During month seven and week 28, we have entered the third trimester
which will carry us all the way to the time of delivery.
From week 28 to week 31, the fetus is continuing to elongate
but as you can see the pace of the elongation.
From 37.6 to roughly 41.1 cm,
is not anywhere near as rapid as it had been earlier during development.
By week 28, red blood cell formation has shifted away from the spleen
and now to the bone marrow where it will be at the time of delivery.
By week 30, the white fat has accumulated even more
and accounts for roughly 8% of the fetal body weight.
As we move into month eight, weeks 32 through 36,
once again, elongation is occurring from 42.4 to 47.4 cm
and at this time, one thing that's very interesting, is that fetuses born after 32 weeks
tend to survive without intensive hospital care.
It may be necessary and maybe helpful
but fetuses after 32 weeks are capable of thriving with maternal support
and not necessarily intensive hospital support.
The nervous system is ready to coordinate the infant's activities and movements
outside the womb, in particular, feeding motions.
And at 35 weeks, the fetus is able to grasp firmly with the hands.
As we move into month nine, nearing the time of delivery,
weeks 37 through 40, we have just a bit more elongation.
Growth still continues even if it's at a slower relative pace from 48.6 to 51.2 cm.
By the 38th week, fetus' white fat content is roughly 16% of the body weight
The testes are typically in the scrotum by this time,
although it is very common for males to be born with cryptorchid testes,
still fully undescended, that make it to the scrotum shortly after birth.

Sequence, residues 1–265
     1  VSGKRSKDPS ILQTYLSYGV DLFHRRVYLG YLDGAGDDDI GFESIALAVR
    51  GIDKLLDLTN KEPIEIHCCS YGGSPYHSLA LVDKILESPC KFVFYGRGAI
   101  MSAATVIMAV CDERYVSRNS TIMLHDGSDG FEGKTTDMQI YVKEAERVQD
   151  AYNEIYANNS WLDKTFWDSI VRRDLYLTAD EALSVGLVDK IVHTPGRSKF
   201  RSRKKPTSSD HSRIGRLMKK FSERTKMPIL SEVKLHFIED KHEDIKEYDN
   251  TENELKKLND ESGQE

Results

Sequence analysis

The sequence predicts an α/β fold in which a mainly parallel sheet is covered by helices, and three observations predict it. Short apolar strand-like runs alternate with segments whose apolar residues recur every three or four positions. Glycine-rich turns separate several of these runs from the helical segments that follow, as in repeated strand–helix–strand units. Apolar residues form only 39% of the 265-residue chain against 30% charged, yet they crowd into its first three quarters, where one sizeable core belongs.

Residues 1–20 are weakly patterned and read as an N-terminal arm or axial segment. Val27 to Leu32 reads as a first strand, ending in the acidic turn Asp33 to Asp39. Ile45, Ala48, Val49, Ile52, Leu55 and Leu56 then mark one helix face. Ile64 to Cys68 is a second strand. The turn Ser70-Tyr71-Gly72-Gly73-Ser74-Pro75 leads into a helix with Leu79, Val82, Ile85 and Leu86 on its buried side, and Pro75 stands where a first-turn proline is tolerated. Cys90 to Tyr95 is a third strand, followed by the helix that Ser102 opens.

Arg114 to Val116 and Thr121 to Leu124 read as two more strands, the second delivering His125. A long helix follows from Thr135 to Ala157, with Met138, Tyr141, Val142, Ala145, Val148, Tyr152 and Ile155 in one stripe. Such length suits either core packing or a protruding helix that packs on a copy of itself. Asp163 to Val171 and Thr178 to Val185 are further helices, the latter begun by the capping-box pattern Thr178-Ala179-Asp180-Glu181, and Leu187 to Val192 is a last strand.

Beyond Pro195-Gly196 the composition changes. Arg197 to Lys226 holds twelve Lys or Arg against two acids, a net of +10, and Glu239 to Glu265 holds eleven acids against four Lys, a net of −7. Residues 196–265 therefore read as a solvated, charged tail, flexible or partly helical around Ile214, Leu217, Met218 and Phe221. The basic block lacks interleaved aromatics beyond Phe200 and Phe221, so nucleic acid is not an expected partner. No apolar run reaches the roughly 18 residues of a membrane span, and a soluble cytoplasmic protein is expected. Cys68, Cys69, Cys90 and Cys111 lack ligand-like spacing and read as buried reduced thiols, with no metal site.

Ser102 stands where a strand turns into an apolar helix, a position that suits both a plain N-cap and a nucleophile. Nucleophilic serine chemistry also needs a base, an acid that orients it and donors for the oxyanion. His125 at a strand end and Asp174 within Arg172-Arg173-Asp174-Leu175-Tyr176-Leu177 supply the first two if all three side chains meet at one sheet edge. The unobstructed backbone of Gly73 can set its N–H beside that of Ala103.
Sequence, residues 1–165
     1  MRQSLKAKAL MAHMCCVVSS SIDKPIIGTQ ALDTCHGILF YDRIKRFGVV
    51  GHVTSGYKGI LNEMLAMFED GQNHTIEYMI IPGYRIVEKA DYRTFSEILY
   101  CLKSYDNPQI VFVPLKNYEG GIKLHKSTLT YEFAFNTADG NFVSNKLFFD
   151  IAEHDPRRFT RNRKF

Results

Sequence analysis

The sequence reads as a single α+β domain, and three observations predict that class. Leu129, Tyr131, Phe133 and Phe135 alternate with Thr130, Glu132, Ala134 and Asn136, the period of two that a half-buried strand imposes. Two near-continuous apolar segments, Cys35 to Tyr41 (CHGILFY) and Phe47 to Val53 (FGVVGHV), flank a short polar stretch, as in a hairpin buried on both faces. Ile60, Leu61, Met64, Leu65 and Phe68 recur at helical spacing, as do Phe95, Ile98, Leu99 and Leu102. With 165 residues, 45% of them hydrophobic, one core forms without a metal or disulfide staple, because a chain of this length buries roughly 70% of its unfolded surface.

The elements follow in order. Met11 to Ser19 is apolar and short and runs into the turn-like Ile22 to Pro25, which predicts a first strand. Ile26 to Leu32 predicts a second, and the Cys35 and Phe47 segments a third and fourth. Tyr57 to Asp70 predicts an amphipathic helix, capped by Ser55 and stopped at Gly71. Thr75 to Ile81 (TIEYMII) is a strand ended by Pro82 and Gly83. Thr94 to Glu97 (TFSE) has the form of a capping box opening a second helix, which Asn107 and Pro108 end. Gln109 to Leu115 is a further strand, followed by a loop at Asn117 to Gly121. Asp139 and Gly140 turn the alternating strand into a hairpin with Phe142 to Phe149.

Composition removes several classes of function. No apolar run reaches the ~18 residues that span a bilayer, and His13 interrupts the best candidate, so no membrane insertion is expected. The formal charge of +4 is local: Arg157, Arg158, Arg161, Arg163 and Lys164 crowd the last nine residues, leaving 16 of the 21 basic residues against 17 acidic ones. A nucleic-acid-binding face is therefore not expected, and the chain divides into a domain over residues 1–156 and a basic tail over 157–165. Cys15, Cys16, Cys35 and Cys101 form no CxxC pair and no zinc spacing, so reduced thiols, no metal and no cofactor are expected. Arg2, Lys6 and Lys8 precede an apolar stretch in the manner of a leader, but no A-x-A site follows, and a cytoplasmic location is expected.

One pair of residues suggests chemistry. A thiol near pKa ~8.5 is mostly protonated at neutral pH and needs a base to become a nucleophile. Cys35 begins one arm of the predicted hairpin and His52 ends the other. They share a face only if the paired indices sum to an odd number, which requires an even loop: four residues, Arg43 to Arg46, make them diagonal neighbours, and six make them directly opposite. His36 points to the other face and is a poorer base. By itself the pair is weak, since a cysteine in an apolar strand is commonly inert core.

Myelination of the axons throughout the body is speeding up at this time.
And the fact that our myelination is incomplete at the time of birth,
is one reason why infants will often show what would be
neurologic signs in an adult as a normal feature.
Premature birth is defined as, birth before 37 gestational weeks
and is a leading cause of perinatal death.
As the infants are born sooner and smaller,
the risk of mortality and morbidity increases.
Low birth weight infants are those at 5 pounds, 8 ounces or less, also 2500 grams.
Very low birth weight is defined as having 3 pounds, 5 ounces in body weight or less,
which will equates to 1500 grams.
Now roughly 6% of all single born infants are low birth weight
but that rate increases tremendously with multiple births,
with as many as 50% of multiple birth infants
being classified as low or very low birth weight.
On the other hand, we have post-maturity syndrome.
This occurs if the pregnancy continues
past the 48 week to the 42nd gestational week.
This is associated with the greater risk of fetal mortality because the fetus needs to be born
and cannot continue developing any further in the womb.
Lost of white fat will be noted, as well meconium in the amniotic fluid.
Generally, the fetus does not make its first bowel movement until after birth,
and this material is known as meconium and it's distinct from actual feces.
But if meconium is passed inside the amnion
it can be inhaled by the infant causing respiratory distress.
Excessive weight is also noted as we moved into and further into post-maturity.
Generally, labor will be induced to prevent post-maturity from proceeding any further
and the child will be born either by C-section or by induction of labor.
Post-natally, we refer to the new baby as an infant
and if you wanna be very specific in the first month of life, we refer to that infant as a neonate.
And that brings us to the end of our discussion of embryology and the fetal period.
And I'd like to thank you for your time and attention to this course.